2017 is slowly but surely becoming a year conquered by women. Not only are there films coming out led by women but there are also films with women behind the camera. And it’s accurate to say that these films are some of the best to release this year. Now it’s also accurate to say that we are nowhere near where we should be in terms of women representation in cinema, but it certainly feels like we are taking small steps in the right direction. Again we are nowhere near where we should be but with films like “Wonder Woman,” “Lady Bird,” “Detroit” and “The Beguiled” it seems like Hollywood is moving in the right direction.
If this trend continues we can easily continue to receive some fantastic films. Hollywood still has yet to come to this realization that women-led and women-made films perform incredibly well, financially. “Wonder Woman” has made $412,038,809 dollars domestically and $820,438,809 worldwide. Comparatively, “Logan” has only made $226,277,068 domestically and $616,802,820 worldwide. “Logan” is a beloved film by many but in terms of this topic, a woman-led and woman-headed film made almost double what a man-led and man-headed film has made. So the argument cannot really be made that woman-led films do not make money because the numbers do not lie.
But in 2017 we have seen several female films as I mentioned earlier. We’ve had action (“Wonder Woman“), we’ve had comedy (“Girls Trip”), we’ve had horror (“Raw“), we’re getting drama (“Lady Bird” & “A United Kingdom“). And this year we’re getting something we haven’t gotten in quite a while, a female-led sports film. “Battle Of The Sexes” released on September 22nd and it is receiving quite a bit of buzz. The movie stars Emma Stone and Steve Carrel in a biopic about a tennis match between the current tennis champion in 1973, Billie Jean King and the ex-champion Bobby Riggs. The film is directed by Jonathan Dayton and Valerie Feris who also directed “Little Miss Sunshine” and “Ruby Sparks.”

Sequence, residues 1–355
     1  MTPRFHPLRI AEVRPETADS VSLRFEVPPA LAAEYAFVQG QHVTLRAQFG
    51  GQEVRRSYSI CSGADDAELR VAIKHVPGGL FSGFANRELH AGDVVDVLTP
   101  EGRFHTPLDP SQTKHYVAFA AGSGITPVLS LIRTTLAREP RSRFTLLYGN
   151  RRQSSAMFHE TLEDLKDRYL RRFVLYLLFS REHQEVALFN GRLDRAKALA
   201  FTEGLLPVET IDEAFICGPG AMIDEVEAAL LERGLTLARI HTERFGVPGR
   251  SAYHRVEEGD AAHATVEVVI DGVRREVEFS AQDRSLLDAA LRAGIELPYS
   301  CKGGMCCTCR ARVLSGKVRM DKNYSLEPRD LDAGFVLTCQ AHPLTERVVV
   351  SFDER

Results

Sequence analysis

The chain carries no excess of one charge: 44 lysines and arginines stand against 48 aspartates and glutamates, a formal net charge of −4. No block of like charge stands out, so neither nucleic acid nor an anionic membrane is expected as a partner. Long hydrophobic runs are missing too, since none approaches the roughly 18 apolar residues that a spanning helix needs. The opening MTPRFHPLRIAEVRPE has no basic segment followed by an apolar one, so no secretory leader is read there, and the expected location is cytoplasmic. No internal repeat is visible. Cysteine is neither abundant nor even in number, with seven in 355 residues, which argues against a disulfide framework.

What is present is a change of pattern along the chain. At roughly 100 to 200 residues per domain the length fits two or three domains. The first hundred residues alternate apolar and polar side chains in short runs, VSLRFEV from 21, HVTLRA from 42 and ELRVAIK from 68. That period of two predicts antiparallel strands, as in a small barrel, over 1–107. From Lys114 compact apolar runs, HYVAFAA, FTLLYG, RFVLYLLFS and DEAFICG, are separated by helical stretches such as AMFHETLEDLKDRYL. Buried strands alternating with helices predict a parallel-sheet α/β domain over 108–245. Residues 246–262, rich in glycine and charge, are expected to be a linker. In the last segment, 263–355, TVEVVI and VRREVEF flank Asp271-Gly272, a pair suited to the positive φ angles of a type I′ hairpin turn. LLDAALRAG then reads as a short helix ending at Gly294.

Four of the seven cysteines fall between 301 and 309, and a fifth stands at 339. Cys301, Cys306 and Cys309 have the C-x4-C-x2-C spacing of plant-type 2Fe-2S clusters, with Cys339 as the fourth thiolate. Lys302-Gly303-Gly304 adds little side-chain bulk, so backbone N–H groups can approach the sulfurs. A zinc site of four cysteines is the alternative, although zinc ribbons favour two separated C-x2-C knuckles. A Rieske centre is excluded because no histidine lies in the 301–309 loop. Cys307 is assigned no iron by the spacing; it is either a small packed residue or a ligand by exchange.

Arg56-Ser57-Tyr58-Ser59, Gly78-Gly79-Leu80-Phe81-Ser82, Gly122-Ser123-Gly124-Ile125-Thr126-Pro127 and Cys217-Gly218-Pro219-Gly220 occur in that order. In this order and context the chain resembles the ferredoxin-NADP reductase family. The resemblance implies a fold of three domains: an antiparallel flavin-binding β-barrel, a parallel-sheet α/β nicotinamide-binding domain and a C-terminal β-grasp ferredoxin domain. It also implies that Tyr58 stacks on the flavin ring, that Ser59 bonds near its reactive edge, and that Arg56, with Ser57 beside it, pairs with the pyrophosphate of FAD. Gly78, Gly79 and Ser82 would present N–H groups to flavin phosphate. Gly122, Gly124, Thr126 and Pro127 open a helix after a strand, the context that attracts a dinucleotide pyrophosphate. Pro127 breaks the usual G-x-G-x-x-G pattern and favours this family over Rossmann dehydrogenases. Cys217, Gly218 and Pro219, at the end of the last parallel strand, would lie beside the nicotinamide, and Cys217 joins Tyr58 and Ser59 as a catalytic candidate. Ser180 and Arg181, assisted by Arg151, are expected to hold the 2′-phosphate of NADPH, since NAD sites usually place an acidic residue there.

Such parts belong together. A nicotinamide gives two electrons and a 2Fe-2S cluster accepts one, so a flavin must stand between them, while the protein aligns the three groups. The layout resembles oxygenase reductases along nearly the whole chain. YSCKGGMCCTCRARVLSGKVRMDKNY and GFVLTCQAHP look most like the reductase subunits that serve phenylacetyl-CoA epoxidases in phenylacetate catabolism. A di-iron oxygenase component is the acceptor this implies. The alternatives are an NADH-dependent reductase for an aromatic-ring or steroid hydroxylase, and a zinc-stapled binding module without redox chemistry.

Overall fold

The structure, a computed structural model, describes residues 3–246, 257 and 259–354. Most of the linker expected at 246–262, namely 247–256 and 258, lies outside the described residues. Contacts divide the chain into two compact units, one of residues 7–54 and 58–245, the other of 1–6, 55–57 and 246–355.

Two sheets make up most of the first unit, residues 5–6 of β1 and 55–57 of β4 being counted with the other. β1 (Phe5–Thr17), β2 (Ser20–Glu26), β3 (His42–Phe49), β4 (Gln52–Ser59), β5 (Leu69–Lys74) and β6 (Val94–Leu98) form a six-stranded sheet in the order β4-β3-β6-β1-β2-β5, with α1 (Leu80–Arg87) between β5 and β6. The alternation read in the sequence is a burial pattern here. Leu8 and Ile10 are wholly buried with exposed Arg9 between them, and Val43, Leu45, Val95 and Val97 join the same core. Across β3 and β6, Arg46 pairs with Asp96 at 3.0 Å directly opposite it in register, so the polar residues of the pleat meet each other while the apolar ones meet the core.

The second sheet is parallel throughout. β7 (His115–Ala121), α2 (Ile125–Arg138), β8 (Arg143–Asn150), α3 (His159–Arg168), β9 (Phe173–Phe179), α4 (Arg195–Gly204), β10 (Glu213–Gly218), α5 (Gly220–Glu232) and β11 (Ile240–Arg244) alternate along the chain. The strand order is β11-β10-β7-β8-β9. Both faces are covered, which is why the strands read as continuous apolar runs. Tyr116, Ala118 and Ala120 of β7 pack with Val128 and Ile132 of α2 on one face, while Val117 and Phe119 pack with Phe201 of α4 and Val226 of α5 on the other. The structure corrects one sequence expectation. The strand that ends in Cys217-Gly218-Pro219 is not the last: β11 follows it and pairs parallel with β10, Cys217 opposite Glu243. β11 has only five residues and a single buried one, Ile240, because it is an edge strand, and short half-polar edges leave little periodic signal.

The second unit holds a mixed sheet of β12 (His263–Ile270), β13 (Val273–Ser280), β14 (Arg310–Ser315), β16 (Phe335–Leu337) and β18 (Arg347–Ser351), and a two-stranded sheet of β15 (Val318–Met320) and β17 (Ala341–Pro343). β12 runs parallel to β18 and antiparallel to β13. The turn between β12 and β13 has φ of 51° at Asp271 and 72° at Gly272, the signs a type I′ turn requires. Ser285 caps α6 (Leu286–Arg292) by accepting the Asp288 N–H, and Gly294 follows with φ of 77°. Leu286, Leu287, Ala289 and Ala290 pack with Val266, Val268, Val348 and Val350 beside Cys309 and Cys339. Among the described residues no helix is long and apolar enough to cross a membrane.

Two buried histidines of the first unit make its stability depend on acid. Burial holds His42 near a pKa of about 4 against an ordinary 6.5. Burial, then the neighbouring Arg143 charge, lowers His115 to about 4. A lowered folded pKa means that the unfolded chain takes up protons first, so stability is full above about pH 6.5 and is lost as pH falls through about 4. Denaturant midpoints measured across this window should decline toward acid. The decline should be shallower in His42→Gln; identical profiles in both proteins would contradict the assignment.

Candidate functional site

It’s been quite some time since we have received a female fronted sports movie. With the current trend we’re seeing of women films doing incredibly well, it would be incredibly exciting to see more and more women sports films surfacing within the next few years. “Battle Of The Sexes” is an incredibly made film and we hope that it rakes in all of the money at the box office. But it does raise a question: how come we haven’t been receiving more female sports movies over the years?
The answer is simple: the representation of women in Hollywood is not even remotely close to where it should be. The box office has been proving that these films can pull in quite a bit of money and if “Battle Of The Sexes” does incredibly well at the box office there is no argument for NOT having more female sports movies or just female-fronted films in general. Cinema is something that MUST be diverse, not only in race but in gender as well. If cinema is always told from the same point of view, it gets boring. Has anyone stopped to wonder why the summer blockbuster scene was so “boring” this year? Formula and predictability. Audiences are hungry for something different. Give it to them!
“Moonlight” was able to break doors down because of its success at last year’s Oscars. One would hope that more films dealing with the gay and black experience are being made as a result. We have seen that “Wonder Woman 2” has been greenlit with Patty Jenkins set to return as director. We are no longer the society we once were in 1973. However, we need to still break down a lot of barriers which still exist today, if we are going to have a fair and balanced marketplace of films that represent all. “Battle Of The Sexes” is the best female-led sports film since “A League Of Their Own” and “Million Dollar Baby.” However, when the comparison is being made against movies that are more than a decade older than the one that is coming out today, something is wrong. “Battle Of The Sexes” proves that the sports world is not just a man’s world, so why does the film world have to be one?
Cinema is meant to represent different viewpoints and different cultural approaches to traditional stories. Hollywood has all of the evidence in their hands now, proving that women-fronted films can receive the box office numbers and critically acclaimed success to have long shelf lives, ensuring further success for the studios. It is in their best interest to keep churning these films out and to not make such a big deal about it in the process. This should be commonplace, not a rarity. We’re getting there, but the scale is still tipped in favor of one side over the other. Now, once again, the ball is in their court.